For patients like me, marijuana is a necessity

DISTRICT OF COLUMBIA: My breast cancer diagnosis at age 26 was an unwelcome and at times harrowing experience. What allowed me to endure the darkest days was the hope that my rigorous treatment — chemotherapy, surgeries and radiotherapy among them — would allow me to once again live a full and healthy life. It’s what propelled me to walk back into the hospital for more treatments.

But then came A/C: The “A” stands for Adriamycin, a drug neon red in color and injected via large syringes by oncology nurses; its apt nicknames are “red devil” and “red death.” That probably should have been the red flag that I wasn’t going to escape without being slightly worse for wear.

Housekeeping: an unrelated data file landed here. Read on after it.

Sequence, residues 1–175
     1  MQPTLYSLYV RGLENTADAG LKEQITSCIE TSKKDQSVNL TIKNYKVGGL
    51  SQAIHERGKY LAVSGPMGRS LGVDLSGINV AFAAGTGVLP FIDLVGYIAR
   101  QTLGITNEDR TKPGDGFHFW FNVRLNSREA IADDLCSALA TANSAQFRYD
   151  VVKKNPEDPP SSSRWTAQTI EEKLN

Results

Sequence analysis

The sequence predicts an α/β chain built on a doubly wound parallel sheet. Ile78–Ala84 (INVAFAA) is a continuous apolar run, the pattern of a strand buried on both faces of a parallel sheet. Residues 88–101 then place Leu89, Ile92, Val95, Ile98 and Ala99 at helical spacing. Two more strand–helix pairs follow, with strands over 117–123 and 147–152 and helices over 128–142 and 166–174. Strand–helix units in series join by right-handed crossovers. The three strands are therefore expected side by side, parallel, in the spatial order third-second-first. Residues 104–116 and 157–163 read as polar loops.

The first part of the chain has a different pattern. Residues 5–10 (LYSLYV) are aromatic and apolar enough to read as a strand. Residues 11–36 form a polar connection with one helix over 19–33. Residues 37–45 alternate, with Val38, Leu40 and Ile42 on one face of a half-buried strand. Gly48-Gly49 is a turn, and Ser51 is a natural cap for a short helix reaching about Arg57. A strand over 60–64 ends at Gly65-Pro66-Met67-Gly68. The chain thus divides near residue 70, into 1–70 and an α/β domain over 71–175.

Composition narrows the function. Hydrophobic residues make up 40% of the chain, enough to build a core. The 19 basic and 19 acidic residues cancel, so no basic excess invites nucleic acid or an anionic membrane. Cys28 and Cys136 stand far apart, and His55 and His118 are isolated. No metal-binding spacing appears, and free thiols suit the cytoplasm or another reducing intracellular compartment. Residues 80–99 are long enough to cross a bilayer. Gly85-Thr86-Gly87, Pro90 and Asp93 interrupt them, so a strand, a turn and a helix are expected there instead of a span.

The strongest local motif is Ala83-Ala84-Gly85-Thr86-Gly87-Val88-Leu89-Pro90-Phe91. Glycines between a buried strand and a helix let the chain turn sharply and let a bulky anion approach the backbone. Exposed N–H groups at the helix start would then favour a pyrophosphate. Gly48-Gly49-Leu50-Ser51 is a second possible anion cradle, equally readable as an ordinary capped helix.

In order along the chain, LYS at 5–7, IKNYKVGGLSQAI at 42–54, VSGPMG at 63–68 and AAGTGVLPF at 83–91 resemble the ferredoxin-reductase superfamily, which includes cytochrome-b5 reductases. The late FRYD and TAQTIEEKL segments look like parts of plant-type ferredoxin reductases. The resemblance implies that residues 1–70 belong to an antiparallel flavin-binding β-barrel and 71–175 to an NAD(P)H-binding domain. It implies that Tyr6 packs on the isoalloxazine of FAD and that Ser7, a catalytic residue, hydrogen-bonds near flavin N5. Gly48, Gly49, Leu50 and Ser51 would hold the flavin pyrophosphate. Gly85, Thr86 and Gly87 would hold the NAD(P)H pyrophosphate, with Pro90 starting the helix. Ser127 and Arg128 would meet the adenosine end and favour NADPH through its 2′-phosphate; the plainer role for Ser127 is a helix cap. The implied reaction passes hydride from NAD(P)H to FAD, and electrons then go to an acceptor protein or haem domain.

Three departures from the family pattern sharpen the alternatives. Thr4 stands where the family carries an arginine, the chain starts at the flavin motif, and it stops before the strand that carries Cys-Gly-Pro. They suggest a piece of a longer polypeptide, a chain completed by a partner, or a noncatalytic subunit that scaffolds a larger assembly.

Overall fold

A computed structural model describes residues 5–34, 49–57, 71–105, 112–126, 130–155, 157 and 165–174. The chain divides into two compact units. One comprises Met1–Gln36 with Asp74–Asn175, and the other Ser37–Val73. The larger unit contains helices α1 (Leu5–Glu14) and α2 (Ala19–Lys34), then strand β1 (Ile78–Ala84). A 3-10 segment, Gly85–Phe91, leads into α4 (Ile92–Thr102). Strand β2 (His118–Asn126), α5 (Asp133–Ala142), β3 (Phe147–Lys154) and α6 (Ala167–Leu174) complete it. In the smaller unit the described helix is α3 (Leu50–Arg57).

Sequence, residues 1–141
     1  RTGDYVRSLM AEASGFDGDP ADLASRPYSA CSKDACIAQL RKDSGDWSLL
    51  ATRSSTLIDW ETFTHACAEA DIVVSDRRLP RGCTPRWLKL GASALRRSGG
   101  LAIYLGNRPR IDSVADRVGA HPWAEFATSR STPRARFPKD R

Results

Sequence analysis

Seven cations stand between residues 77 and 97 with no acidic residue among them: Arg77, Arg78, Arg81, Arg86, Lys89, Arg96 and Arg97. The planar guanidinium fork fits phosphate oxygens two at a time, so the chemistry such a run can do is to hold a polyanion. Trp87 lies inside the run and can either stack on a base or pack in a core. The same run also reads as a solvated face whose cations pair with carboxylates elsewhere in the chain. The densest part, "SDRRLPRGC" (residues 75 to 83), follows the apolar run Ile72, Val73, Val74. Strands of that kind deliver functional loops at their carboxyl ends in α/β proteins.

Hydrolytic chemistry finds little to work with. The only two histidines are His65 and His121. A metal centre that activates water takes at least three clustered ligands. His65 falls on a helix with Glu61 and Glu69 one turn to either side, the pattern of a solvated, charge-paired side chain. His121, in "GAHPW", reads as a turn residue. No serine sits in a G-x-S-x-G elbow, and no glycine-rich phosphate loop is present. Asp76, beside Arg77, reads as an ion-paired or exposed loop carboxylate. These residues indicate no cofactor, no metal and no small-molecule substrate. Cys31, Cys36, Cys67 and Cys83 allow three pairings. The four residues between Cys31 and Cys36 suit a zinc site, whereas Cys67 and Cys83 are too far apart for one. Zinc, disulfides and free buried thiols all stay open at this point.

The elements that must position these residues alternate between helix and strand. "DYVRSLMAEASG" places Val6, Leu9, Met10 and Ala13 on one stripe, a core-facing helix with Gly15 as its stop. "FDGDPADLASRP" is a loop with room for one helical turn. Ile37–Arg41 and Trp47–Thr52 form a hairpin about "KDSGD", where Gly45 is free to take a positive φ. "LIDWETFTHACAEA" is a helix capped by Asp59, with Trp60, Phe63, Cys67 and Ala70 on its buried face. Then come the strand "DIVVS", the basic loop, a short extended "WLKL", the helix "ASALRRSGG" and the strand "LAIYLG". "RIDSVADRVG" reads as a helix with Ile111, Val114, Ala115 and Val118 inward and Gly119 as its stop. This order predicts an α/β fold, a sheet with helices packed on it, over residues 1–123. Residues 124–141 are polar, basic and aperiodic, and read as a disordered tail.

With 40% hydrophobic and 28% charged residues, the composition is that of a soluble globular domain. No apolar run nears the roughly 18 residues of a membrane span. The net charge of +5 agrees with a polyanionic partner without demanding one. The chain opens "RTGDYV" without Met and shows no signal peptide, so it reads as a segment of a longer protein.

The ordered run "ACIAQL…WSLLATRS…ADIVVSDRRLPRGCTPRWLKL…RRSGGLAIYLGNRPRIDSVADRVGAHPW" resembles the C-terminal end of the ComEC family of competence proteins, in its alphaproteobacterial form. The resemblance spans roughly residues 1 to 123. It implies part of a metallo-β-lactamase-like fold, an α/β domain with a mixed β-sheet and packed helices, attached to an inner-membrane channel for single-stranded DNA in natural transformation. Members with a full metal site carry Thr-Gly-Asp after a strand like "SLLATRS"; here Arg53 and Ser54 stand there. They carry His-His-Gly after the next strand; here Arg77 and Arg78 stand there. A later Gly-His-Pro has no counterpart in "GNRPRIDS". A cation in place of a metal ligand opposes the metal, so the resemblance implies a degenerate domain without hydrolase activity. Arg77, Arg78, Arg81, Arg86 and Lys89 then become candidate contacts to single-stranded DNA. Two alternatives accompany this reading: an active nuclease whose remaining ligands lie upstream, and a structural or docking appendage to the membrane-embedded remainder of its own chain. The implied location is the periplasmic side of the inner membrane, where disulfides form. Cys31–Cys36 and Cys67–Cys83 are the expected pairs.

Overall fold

After each of my four biweekly infusions, I lay bedridden for four days, debilitated by severe nausea, heartburn and overall discomfort. I also suffered deep bone pain, a consequence of the Neulasta shot given to keep my white blood cell counts up. I acutely felt all of these side effects, despite being given an intravenous anti-nausea medication, taking anti-nausea tablets every few hours and heartburn medicine and a low-dose prescription narcotic for the bone pain. None of this provided me with the relief for which I longed.

Eventually, though, I was lucky enough to take a medicine that did alleviate my suffering. Not so fortunate was the fact that it came in the form of a drug illegal under federal law: cannabis.

 

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